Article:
June 15, 2006

Scratch that One off The List

cuties making the news because she isn't dead, but scientist thought she was an 11 million year old goner...turns out she's been hiding out in Southeast Asia. One Rock Rat (so they are called) was refound last year in a Laos meat market, poor guy.

Scientist at first thought they had found a new kind of rodent, but, it later turned out to be a living relative from the Diatomyidae family. And that was all they had folks until Dr. David Redfield went on a Southeast Asian expedition and found this sweet and gentle creature in her favorite place to hang, the limestone outcroppings in Central Laos

Luckily Dr. Redfield came back with photos and videos of the Laotian rock rat which you can see here.

The creature, known to the Laotians as kha-nyou (ga-noo), really is adorable, and it seemed quite friendly. You all have to watch it walk!

Rock Rat plush animal anyone? I think the market will be good.

Posted by Rachel Ann at 08:28 PM | Comments (0) | TrackBack

December 28, 2005

We Are Living in a Sci-Fi World

Depressed people may now have another alternative to pills and talk; a small implant that stimulates the vagus nerve. So how does this device work?

Well, apparently this particular nerve, which wanders about the whole body, brings information to the various areas of the brain that control mood, sleep and various other functions. The device stimulates that particular nerve; it was originally used to treat epilepsy And I don't why it works.  But it also apparently helps to reduce depression in about 40 % of the patients treated. More on the testing data.

Why does it work? You got me! But here's an explanation.

Yeah, I got all the info from the articles; I'm not that smart on my lonesome!!!

Posted by Rachel Ann at 02:54 PM | Comments (1) | TrackBack

November 30, 2005

Inhabited by Lilliputians Maybe?

And all those Twillight Zone etc. shows just keep popping into my brain.

7:53 PM PST, November 29, 2005 latimes.com : Science Possible Miniature Solar System Discovered By Associated Press LOS ANGELES -- Astronomers have discovered what they believe is the birth of the smallest known solar system. Peering through ground- and space-based telescopes, scientists observed a brown dwarf -- or failed star -- less than one hundredth the mass of the sun surrounded by what appears to be a disk of dust and gas.

The brown dwarf -- located 500 light years away in the constellation Chamaeleon -- appears to be undergoing a planet-forming process that could one day yield a solar system, said Kevin Luhman of Pennsylvania State University, who led the discovery.

It's long been believed that our own solar system came into existence when a huge cloud of gas and dust collapsed to form the sun and planets about 4.5 billion years ago.

The new finding is the smallest brown dwarf to be discovered with planet-forming properties. If the disk forms planets, the resulting solar system will be about 100 times smaller than our own, scientists said.

Brown dwarfs, which are bigger than a planet but much smaller than a star, are thought to be balls of gas that failed to collect enough mass to start shining.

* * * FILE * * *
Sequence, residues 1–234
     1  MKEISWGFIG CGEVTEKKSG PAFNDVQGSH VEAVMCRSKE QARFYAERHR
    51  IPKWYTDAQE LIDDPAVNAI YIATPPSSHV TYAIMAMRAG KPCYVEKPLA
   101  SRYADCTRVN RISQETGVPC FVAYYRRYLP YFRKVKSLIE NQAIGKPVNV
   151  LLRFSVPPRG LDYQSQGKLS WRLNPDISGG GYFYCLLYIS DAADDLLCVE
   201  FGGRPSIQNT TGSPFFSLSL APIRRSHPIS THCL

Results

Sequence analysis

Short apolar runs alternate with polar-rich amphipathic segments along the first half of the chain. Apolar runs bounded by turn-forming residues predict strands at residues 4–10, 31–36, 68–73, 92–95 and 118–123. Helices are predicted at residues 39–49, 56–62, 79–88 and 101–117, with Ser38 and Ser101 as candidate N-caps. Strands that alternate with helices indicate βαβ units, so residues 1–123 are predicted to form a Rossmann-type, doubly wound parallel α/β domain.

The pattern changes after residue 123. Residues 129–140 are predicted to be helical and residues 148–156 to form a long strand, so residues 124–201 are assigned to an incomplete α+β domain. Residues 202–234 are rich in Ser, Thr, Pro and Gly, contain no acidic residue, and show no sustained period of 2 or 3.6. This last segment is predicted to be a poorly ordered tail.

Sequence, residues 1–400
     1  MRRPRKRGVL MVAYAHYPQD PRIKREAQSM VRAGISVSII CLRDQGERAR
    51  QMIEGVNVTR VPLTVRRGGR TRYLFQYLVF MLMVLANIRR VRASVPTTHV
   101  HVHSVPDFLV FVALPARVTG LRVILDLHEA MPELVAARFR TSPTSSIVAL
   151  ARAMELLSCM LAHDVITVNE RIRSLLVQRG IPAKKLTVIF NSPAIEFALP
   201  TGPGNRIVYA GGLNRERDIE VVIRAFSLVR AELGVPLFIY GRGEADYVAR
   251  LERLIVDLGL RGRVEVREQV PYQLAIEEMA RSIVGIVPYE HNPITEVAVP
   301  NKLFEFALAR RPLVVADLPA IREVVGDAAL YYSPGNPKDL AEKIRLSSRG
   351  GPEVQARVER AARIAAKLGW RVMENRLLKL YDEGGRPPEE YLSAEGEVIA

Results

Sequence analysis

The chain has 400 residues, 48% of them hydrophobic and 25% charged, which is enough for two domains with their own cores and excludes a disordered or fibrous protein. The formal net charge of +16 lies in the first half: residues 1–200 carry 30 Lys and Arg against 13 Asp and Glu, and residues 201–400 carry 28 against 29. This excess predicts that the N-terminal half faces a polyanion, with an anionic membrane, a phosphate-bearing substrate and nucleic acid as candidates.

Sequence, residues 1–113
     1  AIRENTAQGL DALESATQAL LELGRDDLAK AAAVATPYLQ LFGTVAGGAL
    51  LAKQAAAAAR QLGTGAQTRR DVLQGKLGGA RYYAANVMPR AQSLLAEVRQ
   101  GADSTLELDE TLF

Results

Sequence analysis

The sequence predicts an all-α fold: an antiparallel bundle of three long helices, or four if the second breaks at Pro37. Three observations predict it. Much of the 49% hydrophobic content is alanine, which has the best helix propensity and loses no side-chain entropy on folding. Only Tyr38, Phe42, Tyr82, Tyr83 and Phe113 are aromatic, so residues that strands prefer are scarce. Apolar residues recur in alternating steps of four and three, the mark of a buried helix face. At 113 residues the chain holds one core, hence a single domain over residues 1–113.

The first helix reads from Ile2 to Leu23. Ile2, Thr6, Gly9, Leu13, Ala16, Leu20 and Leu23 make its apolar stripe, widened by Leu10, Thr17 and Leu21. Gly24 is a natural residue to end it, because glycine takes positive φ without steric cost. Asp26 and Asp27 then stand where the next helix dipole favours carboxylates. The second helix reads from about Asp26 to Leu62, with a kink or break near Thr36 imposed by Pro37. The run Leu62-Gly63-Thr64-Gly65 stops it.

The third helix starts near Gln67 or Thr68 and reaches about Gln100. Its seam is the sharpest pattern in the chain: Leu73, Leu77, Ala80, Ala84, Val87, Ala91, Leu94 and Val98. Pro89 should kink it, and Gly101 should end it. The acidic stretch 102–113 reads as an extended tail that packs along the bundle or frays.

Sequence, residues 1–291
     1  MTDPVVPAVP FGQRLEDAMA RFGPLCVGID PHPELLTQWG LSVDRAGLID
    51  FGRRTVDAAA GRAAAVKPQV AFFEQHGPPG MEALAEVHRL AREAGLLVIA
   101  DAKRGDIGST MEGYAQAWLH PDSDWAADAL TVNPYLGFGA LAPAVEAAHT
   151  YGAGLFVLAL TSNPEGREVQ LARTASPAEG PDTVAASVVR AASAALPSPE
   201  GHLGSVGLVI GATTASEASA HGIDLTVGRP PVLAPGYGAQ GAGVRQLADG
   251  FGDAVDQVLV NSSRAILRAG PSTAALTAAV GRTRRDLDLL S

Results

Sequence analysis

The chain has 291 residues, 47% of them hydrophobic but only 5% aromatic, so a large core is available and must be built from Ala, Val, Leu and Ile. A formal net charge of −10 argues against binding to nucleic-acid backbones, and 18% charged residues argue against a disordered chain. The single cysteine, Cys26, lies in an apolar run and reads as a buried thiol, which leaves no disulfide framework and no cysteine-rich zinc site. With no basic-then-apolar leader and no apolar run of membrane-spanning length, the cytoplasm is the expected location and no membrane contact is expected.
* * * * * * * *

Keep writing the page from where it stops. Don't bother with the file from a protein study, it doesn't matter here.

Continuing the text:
The discovery was made using NASA's Spitzer Space Telescope and Hubble Space Telescope as well as ground observatories. Results will be published in the Dec. 10 issue of the Astrophysical Journal Letters. <

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But Do They Call it Soda or Pop?

Apparently monkeys, or at least Japanese Yakushima macaque have regional accents. Some scientit think that their accents may give us clues into the origins of human language.
via fark

Monkeys have accents too, experts say From: Agence France-Presse From correspondents in Tokyo

November 30, 2005

TO the untrained ear monkeys of a certain species may all sound the same, but Japanese researchers have found that, like human beings, they actually have an accent depending on where they live.
The finding, the first of its kind, will appear in the December edition of a German scientific journal Ethology to be published on December 5, the primate researchers said.

"Differences between chattering by monkeys are like dialects of human beings," said Nobuo Masataka, professor of ethology at Kyoto University's Primate Research Institute.

The research team analyzed voice tones of two groups of the same species of primates, the Japanese Yakushima macaque also known as Macaca fuscata yakui, between 1990 and 2000.

One group was formed by 23 monkeys living on the southern Japanese island of Yakushima, and the other group comprised 30 descendants from the same tribe moved from the island to Mount Ohira, central Japan, in 1956.

The result showed that the island group had a tone about 110 hertz higher on average than the one taken to central Japan.

Monkeys on Yakushima Island have an accent with a higher tone because tall trees on the island tend to block their voice, Masataka said.

"On the other hand, monkeys on Mount Ohira do not have to gibber with a high tone as trees there are low," he said. "Each group adopted their own accent depending upon their environment."

This suggests differences in voice tones are not caused by genes, Masataka said, adding the results "may lead to a clue to the origin of human language."

Posted by Rachel Ann at 09:24 AM | Comments (0) | TrackBack

November 28, 2005

Is it Just Me or is it Hot?

Nope; it isn't me. At least according to Fox Science, it isn't me. the world is getting hotter; and who is to blame.
Us: homo sapiens.
Kind of puts into question that last part of our name doesn't it?

Isn't it time to stop debating the issue and start fixing the problem?

Study: Carbon Dioxide at Highest Level for 650,000 Years

Monday, November 28, 2005